Aero club gives Osan Airmen wings
By Senior Airman Alexis Siekert, 51st Fighter Wing Public Affairs
/ Published April 16, 2013
OSAN AIR BASE, Republic of Korea -- Every Airman, no matter their job, is no stranger to the roar of an aircraft passing overhead. As many will look up to watch it pass, some may aspire to pilot an aircraft themselves. Through the Osan Aero Club, any Airman can do just that.
The Osan Flight Training Center, casually known as the Osan Aero Club, provides flight training and recreational flying for its members. The club currently has around 65 active members, yet most are already military, private or commercial pilots who wish to take advantage of the prices of aircraft rental, due to aero club having one of the most competitive rates in the world.
"We have five dedicated and passionate instructors who take pride in teaching avionics," explained Yon San Yun, 51st Force Support Squadron Flight Training Center instructor pilot. "We ensure that students are trained to be safe and qualified pilots."
Membership into the aero club is open to all active duty and reserve military members, retirees, Department of Defense civilian employees, federal government employees on Osan, dependents and Federal Aviation Administration personnel.
Coming from Laughlin Air Force Base, Texas, Capt. Mari Metzler, 51st Medical Group aerospace and operational physiologist flight commander, Health and Wellness Center, was almost ready to take her flight test for her private pilot's license when she received a short notice permanent change of station to Osan. Once she arrived, she enrolled at the Osan Aero Club, planning to take her test as soon as possible.
Aero Club students learn to fly on a 1983 Cessna 172, Metzler said. It operates with 150-170 horsepower and can seat four people including the pilot.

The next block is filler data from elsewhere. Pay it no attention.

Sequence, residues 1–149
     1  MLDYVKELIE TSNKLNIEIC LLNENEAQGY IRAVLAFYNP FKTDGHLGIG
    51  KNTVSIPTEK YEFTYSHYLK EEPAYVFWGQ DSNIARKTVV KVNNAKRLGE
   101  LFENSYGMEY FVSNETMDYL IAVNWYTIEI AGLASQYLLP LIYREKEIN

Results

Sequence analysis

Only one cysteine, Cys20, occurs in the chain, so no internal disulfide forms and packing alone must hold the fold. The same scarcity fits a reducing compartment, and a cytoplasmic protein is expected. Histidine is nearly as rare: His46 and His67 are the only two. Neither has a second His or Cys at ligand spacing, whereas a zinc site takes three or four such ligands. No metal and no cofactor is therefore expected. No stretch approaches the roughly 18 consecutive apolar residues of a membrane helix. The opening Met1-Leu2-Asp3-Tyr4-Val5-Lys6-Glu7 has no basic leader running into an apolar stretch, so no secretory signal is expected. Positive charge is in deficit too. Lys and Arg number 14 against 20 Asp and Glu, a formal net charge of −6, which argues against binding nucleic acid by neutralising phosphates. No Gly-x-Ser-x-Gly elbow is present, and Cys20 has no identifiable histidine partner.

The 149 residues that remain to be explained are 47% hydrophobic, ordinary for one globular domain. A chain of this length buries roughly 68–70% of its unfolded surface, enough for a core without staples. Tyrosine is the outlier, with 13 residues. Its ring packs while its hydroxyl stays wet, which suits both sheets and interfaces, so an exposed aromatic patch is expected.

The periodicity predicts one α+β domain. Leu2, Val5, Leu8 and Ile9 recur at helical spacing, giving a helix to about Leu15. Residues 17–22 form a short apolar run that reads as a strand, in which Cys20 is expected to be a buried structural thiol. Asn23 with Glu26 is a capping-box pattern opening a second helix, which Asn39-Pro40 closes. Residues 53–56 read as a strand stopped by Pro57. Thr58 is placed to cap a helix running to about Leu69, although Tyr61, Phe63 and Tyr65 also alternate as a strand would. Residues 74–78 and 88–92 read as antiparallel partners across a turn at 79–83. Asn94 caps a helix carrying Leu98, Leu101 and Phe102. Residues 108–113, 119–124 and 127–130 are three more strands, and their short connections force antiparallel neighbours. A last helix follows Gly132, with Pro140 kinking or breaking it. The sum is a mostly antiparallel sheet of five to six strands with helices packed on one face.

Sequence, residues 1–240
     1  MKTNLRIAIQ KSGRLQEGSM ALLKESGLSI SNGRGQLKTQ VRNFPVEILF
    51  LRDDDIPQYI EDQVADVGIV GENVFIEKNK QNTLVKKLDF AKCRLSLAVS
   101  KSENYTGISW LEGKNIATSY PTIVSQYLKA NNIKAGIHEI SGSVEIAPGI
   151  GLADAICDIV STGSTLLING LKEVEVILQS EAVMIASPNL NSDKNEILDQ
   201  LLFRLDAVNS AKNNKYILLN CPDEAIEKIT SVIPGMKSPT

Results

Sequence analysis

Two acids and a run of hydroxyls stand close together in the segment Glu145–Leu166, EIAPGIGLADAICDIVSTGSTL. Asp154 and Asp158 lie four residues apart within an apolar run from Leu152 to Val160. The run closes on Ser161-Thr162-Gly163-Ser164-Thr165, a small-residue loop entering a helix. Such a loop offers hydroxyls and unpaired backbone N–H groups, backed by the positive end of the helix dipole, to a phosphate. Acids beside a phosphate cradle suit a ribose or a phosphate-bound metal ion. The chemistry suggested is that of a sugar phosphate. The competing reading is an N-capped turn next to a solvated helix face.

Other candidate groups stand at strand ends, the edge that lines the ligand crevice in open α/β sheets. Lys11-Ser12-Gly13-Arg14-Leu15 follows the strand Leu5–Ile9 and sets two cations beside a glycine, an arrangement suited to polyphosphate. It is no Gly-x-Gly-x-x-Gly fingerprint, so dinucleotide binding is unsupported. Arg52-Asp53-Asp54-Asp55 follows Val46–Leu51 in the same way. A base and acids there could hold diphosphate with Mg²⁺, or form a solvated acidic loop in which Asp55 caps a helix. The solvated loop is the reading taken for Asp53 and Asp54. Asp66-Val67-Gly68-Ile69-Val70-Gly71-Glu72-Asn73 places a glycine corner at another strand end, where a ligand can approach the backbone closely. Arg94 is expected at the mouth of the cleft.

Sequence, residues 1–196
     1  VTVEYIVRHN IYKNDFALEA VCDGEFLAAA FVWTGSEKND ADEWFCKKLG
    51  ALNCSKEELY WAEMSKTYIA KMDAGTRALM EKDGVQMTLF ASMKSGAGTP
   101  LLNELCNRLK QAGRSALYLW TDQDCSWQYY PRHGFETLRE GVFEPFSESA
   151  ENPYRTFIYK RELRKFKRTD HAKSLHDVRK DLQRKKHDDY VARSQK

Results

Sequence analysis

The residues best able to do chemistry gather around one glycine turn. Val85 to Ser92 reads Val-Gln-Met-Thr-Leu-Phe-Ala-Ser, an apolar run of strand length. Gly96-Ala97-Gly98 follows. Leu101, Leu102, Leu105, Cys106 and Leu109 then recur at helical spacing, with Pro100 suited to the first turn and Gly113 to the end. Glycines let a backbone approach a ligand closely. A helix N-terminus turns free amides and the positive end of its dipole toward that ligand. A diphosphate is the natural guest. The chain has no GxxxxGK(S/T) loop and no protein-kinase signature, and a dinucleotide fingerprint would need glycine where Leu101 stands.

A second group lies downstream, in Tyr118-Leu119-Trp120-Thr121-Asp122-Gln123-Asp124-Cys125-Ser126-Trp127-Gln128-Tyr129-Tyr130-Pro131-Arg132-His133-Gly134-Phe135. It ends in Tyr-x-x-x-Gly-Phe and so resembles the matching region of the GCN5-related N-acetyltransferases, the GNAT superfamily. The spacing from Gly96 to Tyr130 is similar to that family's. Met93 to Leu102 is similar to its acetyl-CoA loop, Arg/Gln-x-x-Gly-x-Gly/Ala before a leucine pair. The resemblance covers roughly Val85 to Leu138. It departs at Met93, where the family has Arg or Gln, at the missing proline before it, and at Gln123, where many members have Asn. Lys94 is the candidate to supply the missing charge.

"The Cessna 172 is a really good training aircraft," she said. "It's very stable--you're in complete control."
In order to earn a private pilot's license, students must complete a minimum of 40 hours of training. Of the 40 hours, 20 are spent with an instructor and 10 hours are done solo. The remaining 10 hours are to prepare students for their private pilot certificate. Although 40 hours are a minimum requirement, most students take 60-80 hours to qualify for their license.
"Flying solo is so awesome," she said grinning ear to ear. "It's just you and the airplane. You can't help but think, 'How lucky am I?' It's no Delta flight."
The aero club has been teaching aspiring aviators for more than 30 years now.
"Flying is an art that requires a lifetime to master," Yon San said. "You never stop learning or training even as an instructor. It is fun, challenging and exciting to fly. Once you get bit by the flying bug, it's hard to stop. Give it a try and you might fall in love with the world of aviation."
To learn more about the Osan Aero Club, visit their website at http://www.51fss.com/flight.htm or call 784-4424.